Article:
351 observed at different levels, from the t o p of the rock surface, above the cavity, down to the lower levels of the pressure shafts, on the "mountain side" of the excavated cavity (on its north face). Dr. Matheson declares that he has observed similar cracks or "tension gashes" at different locations along the Zambesi River Valley. They can be explained b y the structural geology of the river: the river valley was formed b y subsidence, n o t b y erosion, and the area next to it was under tension. He concludes that the whole rock mass where the large cavity has been excavated is not under compression in a horizontal direction perpendicular t o the gorge. F r o m the point of view of rock mechanics, this decompression of the rock mass causes very unfavourable stress--strain patterns around the cavity. The stress pattern varies during the different stages of the excavation. Tensile stresses can develop at the soffit of the rock vault and become a cause for rock falls, even in bolted areas. Depending on the extension of the tensile areas, short rock bolts will not hold in areas damaged b y tensile stresses. The 3-m deep rock bolts used at Kariba were obviously t o o short. Tensile stresses which would n o t be dangerous in solid rock may be very much so in biotite schists. Commenting further on the August 26 Report, Lenssen writes: "It suggests that the 1 to 2 m thick concrete arch is a facing for the 50 to 100 m deep mass of rock deforming by creep around the excavation. Fissures on the concrete surface passing through the concrete mass are, according to the panel, the projected image of strains inside the rock mass. Further fissures found to be developing in August showed that the rock mass had n o t stabilized, although rock vaults of this size usually stabilize after one or t w o months. The appearance is that the Kariba rock is still deforming b y creep." (in August, 1972). It is worth while to turn back to the case history of the Heitersberg Tunnel and its thin concrete lining, with five hinged segments, deforming heavily under the pressure of plastic rock (or soil) masses. This example of Heitersberg was purposely chosen because the behaviour of this hinged lining explains some aspects of the behaviour of the fissured concrete at Kariba North Bank vault. In spite of fissures, the concrete vault is stable and the explanation given of it in the August R e p o r t is in line with what has been observed at Heitersberg. A concrete support, whatever its thickness, is n o t an arch -- free to deform radially -- b u t a lining which adheres, even if only partially, to the rock mass, transmitting shear forces, and following the general deformation of the rock mass. At the heart of the problems described in the t w o previous sections, there is an opposition of t w o techniques, t w o philosophies. In one case, based on experience of smaller excavations {railway tunnels, hydro-power tunnels, mines, etc.) it is assumed that a rigid concrete support -- concreted when the rock has already started deforming b y internal plasticity or ruptures -- will stand rock pressures and stop deformations. The other philosophy {backed b y Taiobre {1957), Von Rabcewicz (1965), Miiller (1964), Barth (1972) and Italian and Japanese designers, Mantovani {1970), Baudendistel et al. {1970))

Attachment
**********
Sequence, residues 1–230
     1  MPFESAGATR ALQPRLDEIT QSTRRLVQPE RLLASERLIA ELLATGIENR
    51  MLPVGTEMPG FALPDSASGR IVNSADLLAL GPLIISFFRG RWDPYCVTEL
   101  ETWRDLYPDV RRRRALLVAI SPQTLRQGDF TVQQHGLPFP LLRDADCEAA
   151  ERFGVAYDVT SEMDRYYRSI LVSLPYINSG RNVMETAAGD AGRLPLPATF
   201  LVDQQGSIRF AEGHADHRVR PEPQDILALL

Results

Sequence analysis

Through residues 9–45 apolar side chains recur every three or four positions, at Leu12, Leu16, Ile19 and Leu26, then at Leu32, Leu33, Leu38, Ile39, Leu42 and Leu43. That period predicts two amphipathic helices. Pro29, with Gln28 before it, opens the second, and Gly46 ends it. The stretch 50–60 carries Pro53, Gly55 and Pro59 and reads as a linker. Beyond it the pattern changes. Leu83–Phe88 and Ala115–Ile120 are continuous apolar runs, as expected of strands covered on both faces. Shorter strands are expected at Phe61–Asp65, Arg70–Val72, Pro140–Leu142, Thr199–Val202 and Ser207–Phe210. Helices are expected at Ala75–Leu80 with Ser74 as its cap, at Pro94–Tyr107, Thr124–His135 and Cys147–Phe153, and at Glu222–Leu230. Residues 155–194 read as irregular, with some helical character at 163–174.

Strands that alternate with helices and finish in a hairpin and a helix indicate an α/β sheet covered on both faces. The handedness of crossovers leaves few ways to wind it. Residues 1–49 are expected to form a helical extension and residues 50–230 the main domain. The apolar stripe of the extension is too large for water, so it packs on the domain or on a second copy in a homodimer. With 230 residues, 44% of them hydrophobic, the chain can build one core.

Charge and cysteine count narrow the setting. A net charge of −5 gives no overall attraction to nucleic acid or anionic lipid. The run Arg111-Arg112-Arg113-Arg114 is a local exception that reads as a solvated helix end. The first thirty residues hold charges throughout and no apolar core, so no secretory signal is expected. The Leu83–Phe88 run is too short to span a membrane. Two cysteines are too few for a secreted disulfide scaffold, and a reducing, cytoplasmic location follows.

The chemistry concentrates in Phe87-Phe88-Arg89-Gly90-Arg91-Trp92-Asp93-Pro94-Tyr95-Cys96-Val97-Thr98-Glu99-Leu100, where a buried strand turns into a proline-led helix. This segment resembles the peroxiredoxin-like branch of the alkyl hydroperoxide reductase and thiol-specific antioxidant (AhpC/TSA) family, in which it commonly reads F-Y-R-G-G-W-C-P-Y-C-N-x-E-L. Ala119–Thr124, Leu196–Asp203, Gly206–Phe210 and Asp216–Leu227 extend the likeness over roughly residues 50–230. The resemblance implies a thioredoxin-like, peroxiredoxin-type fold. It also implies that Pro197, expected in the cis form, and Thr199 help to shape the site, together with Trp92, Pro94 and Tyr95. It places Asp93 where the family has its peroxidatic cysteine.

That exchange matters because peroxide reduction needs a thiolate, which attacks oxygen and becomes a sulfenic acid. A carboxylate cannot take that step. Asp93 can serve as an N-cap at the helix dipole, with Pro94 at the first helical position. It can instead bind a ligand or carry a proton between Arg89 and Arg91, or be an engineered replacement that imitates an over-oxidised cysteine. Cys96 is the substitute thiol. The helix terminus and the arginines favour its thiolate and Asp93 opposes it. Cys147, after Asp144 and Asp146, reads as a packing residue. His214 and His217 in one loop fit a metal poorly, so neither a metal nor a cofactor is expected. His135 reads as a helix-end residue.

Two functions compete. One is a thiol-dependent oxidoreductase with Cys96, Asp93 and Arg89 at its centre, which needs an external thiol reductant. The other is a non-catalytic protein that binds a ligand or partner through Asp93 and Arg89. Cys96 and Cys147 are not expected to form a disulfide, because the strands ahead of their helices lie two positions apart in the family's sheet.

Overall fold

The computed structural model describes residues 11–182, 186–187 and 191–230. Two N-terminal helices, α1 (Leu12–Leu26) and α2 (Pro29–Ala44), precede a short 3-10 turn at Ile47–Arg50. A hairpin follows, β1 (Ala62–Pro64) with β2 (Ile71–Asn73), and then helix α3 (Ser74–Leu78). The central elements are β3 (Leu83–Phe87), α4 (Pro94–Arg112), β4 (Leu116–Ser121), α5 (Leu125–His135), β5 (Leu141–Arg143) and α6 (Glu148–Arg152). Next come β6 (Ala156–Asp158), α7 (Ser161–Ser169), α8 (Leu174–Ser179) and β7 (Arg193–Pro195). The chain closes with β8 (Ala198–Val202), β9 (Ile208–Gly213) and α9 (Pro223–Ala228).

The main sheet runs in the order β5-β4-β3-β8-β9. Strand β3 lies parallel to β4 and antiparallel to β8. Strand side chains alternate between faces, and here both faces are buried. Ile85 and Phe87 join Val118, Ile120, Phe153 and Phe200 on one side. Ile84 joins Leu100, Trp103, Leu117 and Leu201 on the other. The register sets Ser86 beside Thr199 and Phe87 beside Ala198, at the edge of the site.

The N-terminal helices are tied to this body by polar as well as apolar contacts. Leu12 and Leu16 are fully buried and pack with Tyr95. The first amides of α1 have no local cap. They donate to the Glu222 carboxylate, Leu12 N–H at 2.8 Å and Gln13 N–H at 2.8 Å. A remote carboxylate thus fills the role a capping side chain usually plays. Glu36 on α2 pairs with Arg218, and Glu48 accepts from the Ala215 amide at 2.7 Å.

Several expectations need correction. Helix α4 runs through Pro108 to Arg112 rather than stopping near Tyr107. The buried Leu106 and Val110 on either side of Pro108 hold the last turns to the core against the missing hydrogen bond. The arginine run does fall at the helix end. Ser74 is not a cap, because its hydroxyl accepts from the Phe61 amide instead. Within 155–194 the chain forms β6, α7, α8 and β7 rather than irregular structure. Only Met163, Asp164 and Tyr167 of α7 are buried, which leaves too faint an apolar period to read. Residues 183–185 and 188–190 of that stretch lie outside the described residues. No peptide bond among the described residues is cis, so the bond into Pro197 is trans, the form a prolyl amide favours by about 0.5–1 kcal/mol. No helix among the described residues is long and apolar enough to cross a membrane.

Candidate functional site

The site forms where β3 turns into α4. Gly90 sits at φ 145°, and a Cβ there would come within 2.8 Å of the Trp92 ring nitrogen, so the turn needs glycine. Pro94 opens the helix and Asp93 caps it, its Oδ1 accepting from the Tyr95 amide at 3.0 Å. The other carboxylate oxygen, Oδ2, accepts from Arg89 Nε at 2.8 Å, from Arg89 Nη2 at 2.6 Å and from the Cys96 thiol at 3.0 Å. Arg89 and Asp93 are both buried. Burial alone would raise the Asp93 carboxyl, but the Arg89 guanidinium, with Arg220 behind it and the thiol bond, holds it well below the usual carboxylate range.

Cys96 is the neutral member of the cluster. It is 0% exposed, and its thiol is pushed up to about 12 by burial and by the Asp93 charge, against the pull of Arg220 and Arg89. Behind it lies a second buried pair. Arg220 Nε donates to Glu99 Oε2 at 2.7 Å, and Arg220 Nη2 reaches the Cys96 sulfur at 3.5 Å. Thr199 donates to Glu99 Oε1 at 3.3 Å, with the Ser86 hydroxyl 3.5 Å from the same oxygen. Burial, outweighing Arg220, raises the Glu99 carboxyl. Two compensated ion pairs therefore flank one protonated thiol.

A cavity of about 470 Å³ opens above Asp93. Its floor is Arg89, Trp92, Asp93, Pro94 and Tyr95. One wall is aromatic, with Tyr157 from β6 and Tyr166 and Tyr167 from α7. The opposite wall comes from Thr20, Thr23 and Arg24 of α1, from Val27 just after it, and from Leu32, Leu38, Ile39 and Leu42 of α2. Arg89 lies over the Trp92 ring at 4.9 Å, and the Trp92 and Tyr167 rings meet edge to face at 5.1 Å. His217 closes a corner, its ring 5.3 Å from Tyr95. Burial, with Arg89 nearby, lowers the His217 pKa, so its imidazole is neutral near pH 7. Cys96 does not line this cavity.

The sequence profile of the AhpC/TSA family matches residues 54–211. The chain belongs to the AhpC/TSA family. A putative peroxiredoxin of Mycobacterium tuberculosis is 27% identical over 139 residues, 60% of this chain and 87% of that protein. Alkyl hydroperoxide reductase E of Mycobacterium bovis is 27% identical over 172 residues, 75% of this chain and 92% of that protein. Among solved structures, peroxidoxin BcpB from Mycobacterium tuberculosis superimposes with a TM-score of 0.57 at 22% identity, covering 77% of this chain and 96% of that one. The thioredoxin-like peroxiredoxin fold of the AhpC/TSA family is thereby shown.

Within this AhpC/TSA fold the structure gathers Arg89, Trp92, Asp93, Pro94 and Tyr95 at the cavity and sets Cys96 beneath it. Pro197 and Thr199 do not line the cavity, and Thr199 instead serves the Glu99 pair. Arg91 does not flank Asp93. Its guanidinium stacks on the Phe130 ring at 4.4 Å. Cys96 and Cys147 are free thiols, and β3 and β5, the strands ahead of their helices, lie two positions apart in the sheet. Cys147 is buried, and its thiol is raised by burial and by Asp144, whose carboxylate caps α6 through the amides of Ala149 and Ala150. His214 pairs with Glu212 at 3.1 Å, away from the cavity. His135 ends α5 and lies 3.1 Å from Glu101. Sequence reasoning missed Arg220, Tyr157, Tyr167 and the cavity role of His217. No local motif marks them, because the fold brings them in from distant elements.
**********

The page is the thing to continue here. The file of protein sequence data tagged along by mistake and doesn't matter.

352